Embracing Change

In much of the Northern Hemisphere, all we need to do is look out the window right now to experience the beauty of change. The air is crisp, the mosquitos have wound down their annual season of assault, and the leaves are showing off their glorious fall colors. Perhaps it’s because we have a lifetime’s worth of evidence that spring will come again that we can ease into these seasonal changes. So how do we bring this same sense of ease to the changes that are not so predictable or so pleasant?

The Buddha called impermanence one of the three distinguishing marks of existence. Meaning, to deny the reality of change is a set-up for suffering 100% of the time. It’s a twist of irony that human beings are (as far as we know!) the only mammals that are conscious that we will someday die. Yet we’ve evolved to increasingly deny this knowing, and on some level believe we might be able to strategize or engineer our way around it. Just the other day I only half-jokingly mused that because my dog Violet is so perfect, maybe we should take a DNA sample and clone her after she dies.

So how do we learn to shift our perspective from “hold on at all costs” to one of “let go and let flow?” It might begin with getting comfortable with not-knowing. When we’re in a hold-on mindset, we’re believing on some level that our desired outcome is the best outcome. That we could possibly predict and understand all the interwoven complexities of any one situation is indeed the unique hubris of humans. Can we accept that, even though life does require us to make decisions and choices regularly, what comes after that is largely a crap shoot? Can we practice letting go of outcomes, resting in the vast space of letting it flow? Our mindfulness and formal meditation practices offer a lot of opportunities to experience up-close the suffering that comes from holding on, and the freedom that comes from exhaling and releasing our grip.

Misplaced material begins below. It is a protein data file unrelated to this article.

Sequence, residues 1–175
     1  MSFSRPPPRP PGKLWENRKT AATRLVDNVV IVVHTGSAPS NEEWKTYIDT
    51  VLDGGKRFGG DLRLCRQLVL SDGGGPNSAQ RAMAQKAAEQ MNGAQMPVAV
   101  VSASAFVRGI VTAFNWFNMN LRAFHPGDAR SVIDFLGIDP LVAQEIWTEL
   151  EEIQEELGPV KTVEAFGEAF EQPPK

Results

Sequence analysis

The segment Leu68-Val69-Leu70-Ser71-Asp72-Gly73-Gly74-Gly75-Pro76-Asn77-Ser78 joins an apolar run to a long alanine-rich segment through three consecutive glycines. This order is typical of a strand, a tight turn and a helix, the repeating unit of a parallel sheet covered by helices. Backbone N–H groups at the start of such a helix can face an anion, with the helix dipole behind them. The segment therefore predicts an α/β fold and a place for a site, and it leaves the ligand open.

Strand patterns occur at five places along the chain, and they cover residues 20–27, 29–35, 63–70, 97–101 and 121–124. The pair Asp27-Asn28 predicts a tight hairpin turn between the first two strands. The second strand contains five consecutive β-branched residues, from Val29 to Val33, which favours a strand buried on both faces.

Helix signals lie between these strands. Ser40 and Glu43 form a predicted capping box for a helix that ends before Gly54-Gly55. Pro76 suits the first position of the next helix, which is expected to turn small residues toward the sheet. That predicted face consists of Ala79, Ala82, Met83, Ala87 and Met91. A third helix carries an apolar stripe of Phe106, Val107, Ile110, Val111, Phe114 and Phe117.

One helpful suggestion is to practice “zooming out” our perspective so that all changes – the pleasant, the unpleasant, and the typically unnoticed – are experienced as simply the truth of how things are. This doesn’t mean that we won’t experience real pain at the loss of a loved one, but that that pain might be received within a larger field of awareness, one that binds us at the heart with others who grieve. Other changes like children growing up and leaving home, or moving into retirement, may be positive, but also throw us into the unknown. Can we, as Pema Chodron so wisely suggests, practice staying with the edgy experience of groundlessness for one and a half seconds more than we could yesterday? When we do, we experience the whole truth of what it means to be alive. Both the ebb, and the flow.

Prayer for Another Sunday
by Sharron Crowson

For all that changes
Seasons, a glad morning,
Sliver of moon, red sun
Give thanks

For all that changes
Silence, shifting clouds,
Squabbling jays, white iris
Give thanks

For all that changes
Wind sound of the bay
Cut grass, cheeky squirrels
Give thanks

For all that changes
The everyday heart
The mind of questions
Give thanks

For all that changes
Is everything we have
All we want all we are
Give thanks
For all that changes.


We are grateful for your dana (generosity)

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